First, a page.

Copyright ©The Author(s) 2019.
World J Gastrointest Endosc. Mar 16, 2019; 11(3): 174-192
Published online Mar 16, 2019. doi: 10.4253/wjge.v11.i3.174
Figure 1
Figure 1 Areas of acute angulation and narrowing (physiologic or pathologic) in the gastrointestinal tract. The areas depicted represent sites of potential food or foreign object impaction.
Figure 2
Figure 2 Computed tomography revealing an esophageal food impaction. A: Axial tomogram revealing a food bolus (arrow) in the distal esophagus; B: Sagittal tomogram reveals a sliver of space around the bolus (vertical arrow) suggestive of an opportunity to wedge in the endoscope and employ the push technique or to pass a guidewire (e.g., for the balloon dilation technique).
Figure 3
Figure 3 Proposed management algorithm for esophageal food impaction. In the management of esophageal food impaction, the use of glucagon can be first attempted to relax the esophagus and promote spontaneous passage. If unsuccessful, endoscopic retrieval or advancement of the bolus into the stomach can be attempted. EGD: Esophagogastroduodenoscopy; ENT: Ear, nose, and throat (otolaryngology).
Figure 4
Figure 4 Esophageal food impaction removal. A 48-year-old man in whom attempted extraction of an esophageal food impaction had failed at an outside emergency department was emergently referred to our institution for further management. Endoscopic examination revealed a boneless meat bolus lodged in the mid-esophagus. A: A tract in the center of the bolus was made using a bipolar coagulation probe; B, C: Next, an Ovesco triprong anchor was deployed in the tract (B), and the meat bolus was extracted in one piece (C). D: Mucosal changes including a ringed esophagus, longitudinal furrows, and small-caliber esophagus were found (D), and mucosal biopsies demonstrated evidence of underlying eosinophilic esophagitis[103].
Figure 5
Figure 5 Proposed management algorithm for true foreign body ingestion. Timing (emergent, 2-6 h; urgent, < 24 h) and management of true foreign body ingestions depend on the nature as well as the location of the object. In some instances, imaging and/or surgical consultation may be indicated prior to deciding upon endoscopic intervention; indeed, individualized decisions often need to be made weighing the risks and benefits of endoscopic intervention in a particular case, recognizing that in some scenarios, observation may overall be a safer and more preferable management strategy than endoscopic or other intervention.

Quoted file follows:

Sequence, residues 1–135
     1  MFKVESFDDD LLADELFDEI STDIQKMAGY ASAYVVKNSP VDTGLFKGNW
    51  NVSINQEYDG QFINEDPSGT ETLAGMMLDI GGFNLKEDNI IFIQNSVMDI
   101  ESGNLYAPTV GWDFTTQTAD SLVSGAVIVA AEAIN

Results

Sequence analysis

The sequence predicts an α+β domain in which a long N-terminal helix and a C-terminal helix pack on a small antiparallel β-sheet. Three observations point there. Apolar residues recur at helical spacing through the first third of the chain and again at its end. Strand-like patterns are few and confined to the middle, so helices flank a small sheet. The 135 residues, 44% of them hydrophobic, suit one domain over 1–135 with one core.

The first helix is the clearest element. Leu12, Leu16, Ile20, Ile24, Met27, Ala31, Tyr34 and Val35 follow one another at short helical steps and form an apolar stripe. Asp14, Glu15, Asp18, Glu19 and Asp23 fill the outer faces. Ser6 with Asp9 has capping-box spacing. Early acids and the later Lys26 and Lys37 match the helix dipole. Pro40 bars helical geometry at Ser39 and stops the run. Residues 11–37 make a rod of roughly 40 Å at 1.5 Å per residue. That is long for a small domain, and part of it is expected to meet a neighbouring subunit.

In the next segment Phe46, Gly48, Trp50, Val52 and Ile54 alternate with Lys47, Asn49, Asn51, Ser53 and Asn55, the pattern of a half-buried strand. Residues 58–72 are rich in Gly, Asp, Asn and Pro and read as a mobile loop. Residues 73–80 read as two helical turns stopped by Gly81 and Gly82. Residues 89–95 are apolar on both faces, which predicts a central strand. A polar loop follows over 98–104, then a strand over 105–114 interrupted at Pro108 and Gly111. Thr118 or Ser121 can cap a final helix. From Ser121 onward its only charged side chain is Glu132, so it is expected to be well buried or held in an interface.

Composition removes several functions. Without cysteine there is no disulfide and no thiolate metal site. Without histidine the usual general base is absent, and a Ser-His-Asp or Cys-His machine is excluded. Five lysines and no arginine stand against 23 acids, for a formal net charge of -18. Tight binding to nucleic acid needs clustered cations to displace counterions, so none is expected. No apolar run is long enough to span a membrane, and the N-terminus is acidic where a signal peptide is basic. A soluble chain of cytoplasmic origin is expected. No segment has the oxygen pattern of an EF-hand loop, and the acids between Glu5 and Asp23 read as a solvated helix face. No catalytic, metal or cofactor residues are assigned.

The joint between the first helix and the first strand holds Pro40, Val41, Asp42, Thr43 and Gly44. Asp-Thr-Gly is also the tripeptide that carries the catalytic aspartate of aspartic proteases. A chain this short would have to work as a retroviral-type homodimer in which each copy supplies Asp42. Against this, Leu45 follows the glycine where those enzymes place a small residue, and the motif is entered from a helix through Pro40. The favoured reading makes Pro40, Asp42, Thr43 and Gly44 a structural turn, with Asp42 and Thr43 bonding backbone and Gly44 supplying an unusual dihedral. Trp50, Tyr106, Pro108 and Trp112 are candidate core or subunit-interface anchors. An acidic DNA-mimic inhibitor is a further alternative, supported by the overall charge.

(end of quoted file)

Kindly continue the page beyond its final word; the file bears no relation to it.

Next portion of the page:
Figure 6
Figure 6 Endoscopic extraction of embedded toothpick. An 82-year-old woman with remote history of accidental toothpick ingestion and presumed spontaneous passage underwent colonoscopy for fecal incontinence. A, B: Upon reaching the rectosigmoid junction, polypoid inflammatory changes were visualized at the base of both ends of what appeared to be an embedded toothpick; C: Colorectal surgery was called to the procedure room, and a multidisciplinary decision was made to attempt endoscopic removal. Using standard biopsy forceps, the toothpick was grasped and, using gentle traction, successfully removed in two pieces.
Figure 7
Figure 7 Endoscopic extraction of multiple long objects. A, B: A 36-year-old male was found to have multiple foreign ingested objects in the stomach, including a toothbrush (A), pen cartridge, and several forks (B); C: On subsequent encounters, the same patient was found to have other ingested objects, including pencils; D: Items recovered during endoscopy are shown in.
Figure 8
Figure 8 Retrieval of foreign object with Roth retrieval net. A 27-year-old man who reportedly swallowed glass while working under a skylight that shattered. A glass shard was removed from the cecum via colonoscopy with a retrieval net[148].
Figure 9
Figure 9 Laparoscopically-assisted enteroscopic foreign object retrieval from the deep small bowel. Retrieval of a retained video capsule in the distal ileum via laparoscopically-assisted anterograde enteroscopy in a patient with Crohn’s disease.